I ran into an entire website of demotivation, once upon a time. M.F.A.’s and poets; my work was never, ever good enough. Look at all of those grammar and punctuation errors, oh my. Your metaphors are not strong enough, your similes don’t sing. Why do the same people win this competition every week? Your let the judges enter your own competition? Something smells fishy.

Now they want to sell me a membership. Purely for my benefit, of course, there are several levels of helpful advice. I see the direct correlation to the most frequent winners. This “competition” is, blatantly, For Sale.

I went searching for less mercenary setups. There are sites with rotating judges, there are sites dominated by a single clannish writing group, there are “Everyone’s a Winner” sites, too.

Competition does help me improve, even on the sites where it doesn’t feel entirely honest. Those clannish writing groups tend to vote for each other, for instance. Comments from more “social” writing sites help me improve, too, particularly from writers whose work I respect.

I keep a working list of fiction/writing sites that I like for various reasons. I don’t always visit all of them each week. I don’t always contribute stories, nor do I write every day (as I should). Sometimes, the toxic inspiration despair or simple exhaustion after a full time job still wins.

Sometimes, wicked television and evil internet still defeat your white knight, and often without a struggle.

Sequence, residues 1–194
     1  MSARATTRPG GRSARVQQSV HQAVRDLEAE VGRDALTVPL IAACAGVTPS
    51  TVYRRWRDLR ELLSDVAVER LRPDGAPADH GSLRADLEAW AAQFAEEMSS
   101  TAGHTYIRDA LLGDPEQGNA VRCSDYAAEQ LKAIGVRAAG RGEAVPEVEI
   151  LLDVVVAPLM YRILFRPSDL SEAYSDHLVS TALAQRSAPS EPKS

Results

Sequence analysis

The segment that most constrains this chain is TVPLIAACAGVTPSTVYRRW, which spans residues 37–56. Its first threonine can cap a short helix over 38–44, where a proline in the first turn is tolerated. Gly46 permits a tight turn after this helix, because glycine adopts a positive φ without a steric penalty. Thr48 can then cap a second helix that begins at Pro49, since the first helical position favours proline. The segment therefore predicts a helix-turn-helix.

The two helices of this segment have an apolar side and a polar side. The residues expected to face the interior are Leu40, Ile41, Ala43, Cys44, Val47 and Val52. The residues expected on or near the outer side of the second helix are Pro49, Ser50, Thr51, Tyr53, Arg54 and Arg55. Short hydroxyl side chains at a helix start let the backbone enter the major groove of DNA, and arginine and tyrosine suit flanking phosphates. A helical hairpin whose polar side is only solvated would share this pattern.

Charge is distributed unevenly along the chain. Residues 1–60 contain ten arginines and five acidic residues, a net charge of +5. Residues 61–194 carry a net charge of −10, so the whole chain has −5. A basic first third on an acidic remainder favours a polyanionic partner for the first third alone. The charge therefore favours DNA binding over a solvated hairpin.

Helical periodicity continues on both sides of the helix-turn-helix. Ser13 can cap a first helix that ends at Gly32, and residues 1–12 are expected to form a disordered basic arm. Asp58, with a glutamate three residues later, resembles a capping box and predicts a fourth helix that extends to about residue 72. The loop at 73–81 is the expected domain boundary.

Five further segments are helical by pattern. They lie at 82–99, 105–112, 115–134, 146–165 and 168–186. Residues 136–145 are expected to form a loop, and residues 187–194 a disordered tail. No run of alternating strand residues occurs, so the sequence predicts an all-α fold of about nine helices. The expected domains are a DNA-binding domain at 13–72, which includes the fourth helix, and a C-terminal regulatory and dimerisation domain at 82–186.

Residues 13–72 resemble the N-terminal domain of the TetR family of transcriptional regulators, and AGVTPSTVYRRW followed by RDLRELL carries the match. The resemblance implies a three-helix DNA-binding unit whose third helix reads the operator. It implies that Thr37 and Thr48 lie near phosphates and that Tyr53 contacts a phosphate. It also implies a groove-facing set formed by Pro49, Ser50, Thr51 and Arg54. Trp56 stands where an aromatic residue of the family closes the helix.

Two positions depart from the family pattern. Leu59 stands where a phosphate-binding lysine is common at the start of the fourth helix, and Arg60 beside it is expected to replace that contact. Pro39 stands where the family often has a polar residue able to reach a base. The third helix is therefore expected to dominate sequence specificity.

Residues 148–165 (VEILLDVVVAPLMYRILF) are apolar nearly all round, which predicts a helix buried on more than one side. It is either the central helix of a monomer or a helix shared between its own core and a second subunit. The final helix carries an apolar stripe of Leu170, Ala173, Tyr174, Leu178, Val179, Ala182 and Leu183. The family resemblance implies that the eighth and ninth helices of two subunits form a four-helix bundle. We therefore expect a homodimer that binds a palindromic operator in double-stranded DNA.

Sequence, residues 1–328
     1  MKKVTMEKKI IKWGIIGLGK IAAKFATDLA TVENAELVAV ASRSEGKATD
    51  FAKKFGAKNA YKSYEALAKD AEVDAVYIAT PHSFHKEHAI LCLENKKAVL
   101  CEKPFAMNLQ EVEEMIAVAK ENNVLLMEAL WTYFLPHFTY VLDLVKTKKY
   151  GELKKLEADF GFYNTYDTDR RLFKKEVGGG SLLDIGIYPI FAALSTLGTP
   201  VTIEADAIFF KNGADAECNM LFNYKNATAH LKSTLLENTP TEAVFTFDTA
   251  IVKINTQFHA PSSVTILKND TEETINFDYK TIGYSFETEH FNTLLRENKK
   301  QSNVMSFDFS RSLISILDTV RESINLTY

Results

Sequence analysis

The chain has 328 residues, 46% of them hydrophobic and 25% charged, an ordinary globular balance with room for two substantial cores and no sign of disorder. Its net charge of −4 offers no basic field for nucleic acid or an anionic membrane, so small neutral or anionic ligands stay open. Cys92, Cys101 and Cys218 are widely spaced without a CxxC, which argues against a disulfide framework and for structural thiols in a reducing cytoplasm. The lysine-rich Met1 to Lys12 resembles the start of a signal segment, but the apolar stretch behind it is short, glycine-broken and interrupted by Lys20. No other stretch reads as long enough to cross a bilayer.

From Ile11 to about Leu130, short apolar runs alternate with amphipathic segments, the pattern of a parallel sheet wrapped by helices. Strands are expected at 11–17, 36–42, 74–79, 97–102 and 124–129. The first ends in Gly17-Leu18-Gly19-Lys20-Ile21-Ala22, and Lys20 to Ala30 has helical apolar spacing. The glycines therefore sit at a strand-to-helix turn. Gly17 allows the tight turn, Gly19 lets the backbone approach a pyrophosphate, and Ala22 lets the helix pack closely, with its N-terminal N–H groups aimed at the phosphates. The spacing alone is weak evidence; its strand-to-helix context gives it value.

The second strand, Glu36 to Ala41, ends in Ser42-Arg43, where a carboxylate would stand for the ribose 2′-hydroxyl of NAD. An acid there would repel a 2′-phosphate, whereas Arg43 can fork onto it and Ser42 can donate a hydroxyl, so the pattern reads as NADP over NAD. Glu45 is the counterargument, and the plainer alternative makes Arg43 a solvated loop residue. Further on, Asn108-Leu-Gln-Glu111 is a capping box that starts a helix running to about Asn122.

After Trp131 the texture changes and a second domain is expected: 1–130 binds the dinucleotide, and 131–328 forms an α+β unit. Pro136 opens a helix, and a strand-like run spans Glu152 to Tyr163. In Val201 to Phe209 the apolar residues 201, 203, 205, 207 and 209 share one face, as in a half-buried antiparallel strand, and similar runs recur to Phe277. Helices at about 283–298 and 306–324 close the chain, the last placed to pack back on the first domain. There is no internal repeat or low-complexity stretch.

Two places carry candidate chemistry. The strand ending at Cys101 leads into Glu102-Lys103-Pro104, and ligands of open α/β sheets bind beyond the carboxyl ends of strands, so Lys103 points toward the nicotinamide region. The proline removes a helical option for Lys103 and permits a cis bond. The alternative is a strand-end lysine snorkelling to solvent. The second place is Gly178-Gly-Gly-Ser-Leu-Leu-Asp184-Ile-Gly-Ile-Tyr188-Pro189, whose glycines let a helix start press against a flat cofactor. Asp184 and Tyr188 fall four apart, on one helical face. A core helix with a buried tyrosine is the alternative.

But the sites that Did Things Right keep disappearing, and I feel guilty for that; like one more story might have saved them.

RecDave Seal

For Alissa Leonard and Finish That Thought. I’ll miss you both.


We thought the weaponized ground predators were bad. The arms race began with remote-controlled great cats (probably the most obvious choice), the enhanced lions and upgraded carbon fiber Jaguars. As the war dragged on and neural interface technologies became cheaper and more capable, other species came into play; the hyenas and wild dogs, the wolves and bears. The bears were awesome engines of destruction—do you remember that wartime video of the grizzly with four cougars on its back, brushing them off against trees and crushing them one at a time?

The real trouble didn’t start until the war ended and the corporate sector gained control of the technology for the consumer market. Consumers began controlling and piloting nightmares with their phone aps.

First were the reptiles, the consumer enthusiast clubs in Florida staging the crocodile cage matches. It took only months until the venomous snakes appeared on the scene and the first messy divorces terminated with messy murders.